Is Organic Food Healthier for You?
Organic food is food produced with the standards of organic farming.
Standards vary worldwide, but they generally mean food produced without the use of synthetic pesticides and fertilizers (1).
Animal products only qualify as organic if they do not take antibiotics or hormones during their development.
Now, I should clarify that pesticides can be used by organic farmers on crops, just as long as they are derived from natural sources and are not synthetically created (2).
This seems reasonable because mass producing crops without ANY pesticides would be a nightmare with wasted food in epic proportions.
So now that we know what organic food means, we can move on to discussing whether organic food healthier or not.
As my friends over at ASAP Science so aptly put, just because a bag of chips has the “organic” label on them, does NOT make them healthy.
Cookies, chips, and ice cream are not suddenly good for you because they are organic.
When people ask is organic food healthier, they are usually asking for a comparison of foods like veggies, fruits, and certain animal products.
Which leads us to an important point:
The scientific data we have is actually VERY split on this issue.
There is A LOT of money to be had in this industry.
Monsanto, the famous poster child for evil pesticide producers, makes over 4.5 BILLION dollars in sales yearly and spends an average of 5 million dollars a year in public lobbying (3).
It’s not just them. People have been lobbying for and against organic for a while now. Conflicts of interest seem to be the rule and not the exception.
When most people say that organic is not healthier for you, they usually cite a Stanford Review done in 2012 that came to the conclusion that organic foods are not more nutritious than conventional foods.
Although, the study did concede that organic does limit the exposure or pesticides and antibiotic-resistant bacteria.
Unfortunately, the people doing this study received millions of dollars from Cargill, which has been linked to Monsanto, the pesticide company we just talked about. Conflict of interest, anyone?
A new study published in the British Journal of Nutrition is the latest addition to the debate. It’s the largest meta-analysis that has been published on this topic, covering 343 individual studies looking into organic food.
One of the major conclusions found organic foods could boost a person’s antioxidant intake by up to 40%.
However, this study was funded by an organic farming charity…
See what I mean about conflicts of interest?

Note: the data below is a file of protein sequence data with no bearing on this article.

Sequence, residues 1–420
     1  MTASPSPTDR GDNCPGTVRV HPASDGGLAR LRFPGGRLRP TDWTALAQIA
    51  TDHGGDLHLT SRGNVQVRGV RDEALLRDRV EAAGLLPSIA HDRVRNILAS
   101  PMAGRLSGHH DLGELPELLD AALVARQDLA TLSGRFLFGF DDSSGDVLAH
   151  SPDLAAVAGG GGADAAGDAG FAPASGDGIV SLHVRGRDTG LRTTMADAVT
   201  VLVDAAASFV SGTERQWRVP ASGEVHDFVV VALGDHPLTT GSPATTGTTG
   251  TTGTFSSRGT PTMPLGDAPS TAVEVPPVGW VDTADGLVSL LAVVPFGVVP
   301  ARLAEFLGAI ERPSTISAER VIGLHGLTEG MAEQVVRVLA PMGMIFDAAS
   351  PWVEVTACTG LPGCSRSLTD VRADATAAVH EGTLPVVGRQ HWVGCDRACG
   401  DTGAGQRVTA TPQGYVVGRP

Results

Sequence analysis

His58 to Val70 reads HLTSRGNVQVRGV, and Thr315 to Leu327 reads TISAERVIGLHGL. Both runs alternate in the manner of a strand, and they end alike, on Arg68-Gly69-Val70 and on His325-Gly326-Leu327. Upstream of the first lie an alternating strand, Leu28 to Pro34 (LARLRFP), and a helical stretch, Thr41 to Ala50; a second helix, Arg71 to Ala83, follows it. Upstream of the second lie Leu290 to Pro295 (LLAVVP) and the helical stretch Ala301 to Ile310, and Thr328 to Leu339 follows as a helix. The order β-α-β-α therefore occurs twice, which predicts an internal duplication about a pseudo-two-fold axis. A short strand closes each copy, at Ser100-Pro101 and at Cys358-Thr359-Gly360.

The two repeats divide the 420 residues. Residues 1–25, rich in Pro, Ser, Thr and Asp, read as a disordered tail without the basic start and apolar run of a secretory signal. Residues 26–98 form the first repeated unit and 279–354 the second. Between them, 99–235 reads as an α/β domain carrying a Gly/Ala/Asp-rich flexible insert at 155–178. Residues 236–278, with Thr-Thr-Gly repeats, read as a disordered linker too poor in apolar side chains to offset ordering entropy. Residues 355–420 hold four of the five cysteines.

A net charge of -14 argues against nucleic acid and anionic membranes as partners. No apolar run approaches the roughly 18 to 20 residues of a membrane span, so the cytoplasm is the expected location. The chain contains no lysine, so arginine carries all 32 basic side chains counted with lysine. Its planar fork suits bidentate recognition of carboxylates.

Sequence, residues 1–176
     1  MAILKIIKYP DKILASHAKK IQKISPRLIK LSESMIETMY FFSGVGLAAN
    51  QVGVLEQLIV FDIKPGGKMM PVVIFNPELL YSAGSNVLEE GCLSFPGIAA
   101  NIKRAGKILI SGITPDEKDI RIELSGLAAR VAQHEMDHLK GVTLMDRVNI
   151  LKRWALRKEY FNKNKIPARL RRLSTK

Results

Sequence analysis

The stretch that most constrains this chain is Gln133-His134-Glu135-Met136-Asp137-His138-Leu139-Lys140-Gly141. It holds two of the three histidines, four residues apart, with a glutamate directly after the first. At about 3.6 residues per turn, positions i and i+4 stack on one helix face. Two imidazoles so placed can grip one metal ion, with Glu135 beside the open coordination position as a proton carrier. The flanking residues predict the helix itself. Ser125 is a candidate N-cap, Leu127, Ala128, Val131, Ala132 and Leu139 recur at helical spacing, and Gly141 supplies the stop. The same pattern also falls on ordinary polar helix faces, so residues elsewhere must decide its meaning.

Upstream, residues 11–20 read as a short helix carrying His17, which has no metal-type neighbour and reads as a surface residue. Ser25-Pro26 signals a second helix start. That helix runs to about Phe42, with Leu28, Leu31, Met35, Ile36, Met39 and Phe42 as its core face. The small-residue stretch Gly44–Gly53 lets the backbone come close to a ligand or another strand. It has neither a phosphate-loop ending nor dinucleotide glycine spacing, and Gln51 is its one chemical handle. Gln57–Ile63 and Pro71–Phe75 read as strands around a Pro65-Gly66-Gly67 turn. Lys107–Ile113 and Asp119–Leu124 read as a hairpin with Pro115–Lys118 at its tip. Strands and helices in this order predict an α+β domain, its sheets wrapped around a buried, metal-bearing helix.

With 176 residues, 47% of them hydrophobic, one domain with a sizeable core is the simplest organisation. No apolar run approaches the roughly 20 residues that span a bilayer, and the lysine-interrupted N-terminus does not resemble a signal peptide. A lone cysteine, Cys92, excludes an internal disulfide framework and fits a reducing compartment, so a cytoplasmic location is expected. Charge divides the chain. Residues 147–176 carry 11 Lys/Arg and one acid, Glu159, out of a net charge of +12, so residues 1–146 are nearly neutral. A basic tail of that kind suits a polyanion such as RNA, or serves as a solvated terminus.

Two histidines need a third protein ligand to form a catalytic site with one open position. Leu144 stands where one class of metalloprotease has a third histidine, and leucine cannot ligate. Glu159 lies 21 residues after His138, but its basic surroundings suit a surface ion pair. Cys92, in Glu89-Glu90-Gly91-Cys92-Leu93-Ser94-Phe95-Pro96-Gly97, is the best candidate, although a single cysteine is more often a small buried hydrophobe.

One thing in favor of eating organic that these studies cannot refute is reducing the number of pesticides being ingested…
On average, pesticides like cadmium had levels 400% lower, respectively, in organic produce than in conventional varieties.
Since cadmium is a highly toxic metal that has been linked to an increased risk of everything from Alzheimer’s disease, cardiovascular disease, and hormone disruption, it’s probably a good idea to minimize cadmium in your diet (4).
But it’s not just about us…
Is organic food healthier for our planet?
Unfortunately, there’s no real clear-cut answer to this question.
- Has more-fertile soil.
- Uses less energy.
- and is more profitable for farmers.
However, non-organic crops have higher yields and help to reduce erosion (7).
It’s a bit of a toss-up. So, to sum everything up:
Is organic food healthier for you?
In some studies, they have slightly more nutrients and do minimize our exposure to synthetic pesticides, antibiotics, and hormones added to what we eat.
All things equal, organic would be healthier for you.
We also have a short video on the health benefits of apple cider vinegar on our Youtube Channel, The Health Nerd, that you might find helpful!
So should everyone eat organic?
Cost is an issue for many people, and non-organic vegetables are still better than organic chips.
If you are on a budget, keep these 3 things in mind:
- Animal products are more important to buy organic than veggies. Because prolonged exposure to antibiotics and hormones is clearly harmful to our health, focus on organic animal products first.
- Organic frozen meat and vegetables are usually less expensive. Buy in bulk from the freezer section, because it won’t go bad!
- Use the Clean 15 and Dirty Dozen (now 14) lists for fruits and veggies. Some fruits and veggies require more pesticides to grow than others.
The Clean 15 are non-organic foods that have minimal pesticide exposure:
- Sweet Corn
- Frozen Sweet Peas
- Honey Dew
The Dirty Dozen are the foods that have a lot of pesticide load if consumed non-organic. The list has been updated since the name was coined to include 14 foods:
- Sweet bell peppers
- Cherry tomatoes
- Hot peppers
- Kale and collard greens
The last tip we have is also quite important and seems to be just as important as eating certain foods organic.
Eating Foods in Season
Foods in season have been proven to have more nutrients than those that are out of season.
For example, the Vitamin C content in broccoli has been shown to be cut in half when picked out of season. So, buying fruits and veggies local and in season is your best option.
Here is a good produce guide that will help you see which produce is in season at any given time during the year.
Looking for a diet plan to help you incorporate more healthier, whole foods into your life?
This is a big emphasis of our 21-Day Fat Loss Challenge as it’s about changing our eating habits and re-learning what we should and should not be eating.
People lose an average of 10-21 pounds in 21 days and absolutely love it! But even better than the weight loss is the feedback we get from people about how the program has taught them how to change their eating habits and find a diet that truly works for them in the long-term.
You can read more information about the 21-Day Fat Loss Challenge by clicking here.
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